A healthy, educated veteran is a better employee.

That message was at the heart of a meeting at the U.S. Chamber of Commerce in Washington, D.C., Friday, where leaders in government, healthcare, education, philanthropy, and corporate America met to discuss strategies that can help improve veterans' transitions out of the military. The event, hosted by the Dallas-based George W. Bush Institute, culminated a six-month long, cross-industry effort to address some of the biggest challenges.

"What we've seen and heard is a willingness across all those sectors to better partner, to better collaborate, to better measure and assess what's going on," Miguel Howe, director of the Bush Institute's Military Service Initiative and a retired Army colonel, said in an interview. "There is tremendous effort in this space, and so it's a matter of taking the successes of the past number of years, leveraging those achievements, identifying the gaps and taking on the opportunities to move it forward."

Participants heard from former President and first lady George W. and Laura Bush, as well as Veterans Affairs Secretary David Shulkin. University presidents, business leaders and veterans also spoke about an overall need for better awareness of the realities transitioning veterans and their families face.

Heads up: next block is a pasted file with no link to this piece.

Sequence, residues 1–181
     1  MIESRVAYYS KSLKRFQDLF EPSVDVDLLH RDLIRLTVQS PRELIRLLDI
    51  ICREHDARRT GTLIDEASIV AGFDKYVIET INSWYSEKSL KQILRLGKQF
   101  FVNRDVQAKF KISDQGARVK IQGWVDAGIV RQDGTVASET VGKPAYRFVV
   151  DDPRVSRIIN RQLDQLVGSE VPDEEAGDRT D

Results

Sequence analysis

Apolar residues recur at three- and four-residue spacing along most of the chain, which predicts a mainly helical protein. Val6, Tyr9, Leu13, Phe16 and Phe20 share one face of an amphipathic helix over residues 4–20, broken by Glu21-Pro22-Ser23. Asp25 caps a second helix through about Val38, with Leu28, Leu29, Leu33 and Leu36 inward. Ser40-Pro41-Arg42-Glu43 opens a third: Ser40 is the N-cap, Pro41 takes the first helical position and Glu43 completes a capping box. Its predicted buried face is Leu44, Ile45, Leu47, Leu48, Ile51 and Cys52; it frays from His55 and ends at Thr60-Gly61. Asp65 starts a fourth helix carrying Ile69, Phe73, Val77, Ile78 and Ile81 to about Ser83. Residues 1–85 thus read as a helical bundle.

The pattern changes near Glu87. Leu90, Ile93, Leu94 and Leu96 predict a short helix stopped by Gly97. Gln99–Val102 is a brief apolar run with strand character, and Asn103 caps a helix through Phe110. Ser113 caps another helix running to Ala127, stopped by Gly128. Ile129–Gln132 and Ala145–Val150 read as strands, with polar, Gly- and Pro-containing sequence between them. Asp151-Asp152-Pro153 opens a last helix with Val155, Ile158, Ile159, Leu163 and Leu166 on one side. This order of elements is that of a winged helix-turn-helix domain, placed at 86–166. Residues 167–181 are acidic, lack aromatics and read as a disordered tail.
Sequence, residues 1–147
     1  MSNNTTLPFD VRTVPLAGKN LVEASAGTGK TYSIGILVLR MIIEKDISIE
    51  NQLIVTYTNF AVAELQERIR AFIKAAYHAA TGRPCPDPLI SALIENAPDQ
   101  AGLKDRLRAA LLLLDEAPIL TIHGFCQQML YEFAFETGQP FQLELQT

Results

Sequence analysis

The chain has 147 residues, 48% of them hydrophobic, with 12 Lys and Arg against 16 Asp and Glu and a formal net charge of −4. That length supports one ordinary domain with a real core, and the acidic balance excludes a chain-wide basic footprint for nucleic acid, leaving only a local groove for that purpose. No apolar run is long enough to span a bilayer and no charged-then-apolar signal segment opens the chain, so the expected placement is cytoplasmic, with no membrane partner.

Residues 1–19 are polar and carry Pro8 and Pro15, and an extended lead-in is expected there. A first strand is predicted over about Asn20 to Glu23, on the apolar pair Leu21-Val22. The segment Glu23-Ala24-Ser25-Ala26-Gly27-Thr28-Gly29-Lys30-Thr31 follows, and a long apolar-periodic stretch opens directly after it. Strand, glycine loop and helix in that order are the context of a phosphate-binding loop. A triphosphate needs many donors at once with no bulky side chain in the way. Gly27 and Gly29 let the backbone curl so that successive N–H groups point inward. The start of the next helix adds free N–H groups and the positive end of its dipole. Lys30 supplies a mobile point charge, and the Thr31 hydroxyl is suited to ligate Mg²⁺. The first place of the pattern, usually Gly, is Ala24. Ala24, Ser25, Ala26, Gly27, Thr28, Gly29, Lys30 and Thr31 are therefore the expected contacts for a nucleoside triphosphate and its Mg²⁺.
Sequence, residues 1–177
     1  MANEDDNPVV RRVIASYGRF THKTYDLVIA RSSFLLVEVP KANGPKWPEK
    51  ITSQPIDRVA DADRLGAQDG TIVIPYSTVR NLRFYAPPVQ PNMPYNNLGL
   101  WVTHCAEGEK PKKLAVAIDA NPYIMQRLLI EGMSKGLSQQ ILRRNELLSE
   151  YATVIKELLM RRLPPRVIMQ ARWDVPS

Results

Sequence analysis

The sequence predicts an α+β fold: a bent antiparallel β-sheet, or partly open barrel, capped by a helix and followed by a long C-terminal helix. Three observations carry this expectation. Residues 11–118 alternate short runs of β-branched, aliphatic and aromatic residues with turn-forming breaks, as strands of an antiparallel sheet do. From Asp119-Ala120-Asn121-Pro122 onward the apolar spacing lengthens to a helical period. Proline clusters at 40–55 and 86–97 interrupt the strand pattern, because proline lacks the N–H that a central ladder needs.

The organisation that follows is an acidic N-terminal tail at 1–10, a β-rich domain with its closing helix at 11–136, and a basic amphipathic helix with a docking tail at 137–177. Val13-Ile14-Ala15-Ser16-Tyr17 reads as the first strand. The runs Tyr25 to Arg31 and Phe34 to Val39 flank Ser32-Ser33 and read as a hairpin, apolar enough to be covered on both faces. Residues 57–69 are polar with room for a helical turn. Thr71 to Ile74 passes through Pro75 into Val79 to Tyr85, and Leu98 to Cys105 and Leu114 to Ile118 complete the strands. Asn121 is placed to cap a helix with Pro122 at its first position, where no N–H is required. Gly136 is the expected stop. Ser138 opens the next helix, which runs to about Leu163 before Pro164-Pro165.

President Bush gave the example of a hiring manager who isn't sure how a veteran's skills as a sniper translate to civilian life.

"A lot of corporate vice presidents would probably say to themselves, 'I don't think we need a sniper this year,'" Bush said, sparking laughter in the audience. "Hopefully what they'll say eventually is, 'This person is cool under fire. This person is willing to take on a tough assignment. This person is disciplined and well trained.'"

Bush also discussed the institute's new customizable online resource, VET Roadmap, to aid users through the service member-to-civilian transition. The institute has also launched a Warrior Wellness Alliance that helps address the "invisible wounds of war" and connects veterans with employment and educational opportunities once they've received treatment. 

"Transitioning out of the military was probably the hardest thing I've ever had to do," said Marine veteran Dan O'Hare, who now works for Bank of America Merrill Lynch. "I'm really glad this is happening and that people in this room are working on this problem. Not every veteran should have to go through what I had to go through to get a job and find happiness in life."

Goals for the meeting included establishing measurable objectives in veteran health, well-being, education and employment, as well as systems to share data and analysis across industries, said Howe.

He added later: "A convening that does not lead to action is — like we used to say in my old unit — a bit like a self-licking ice cream cone."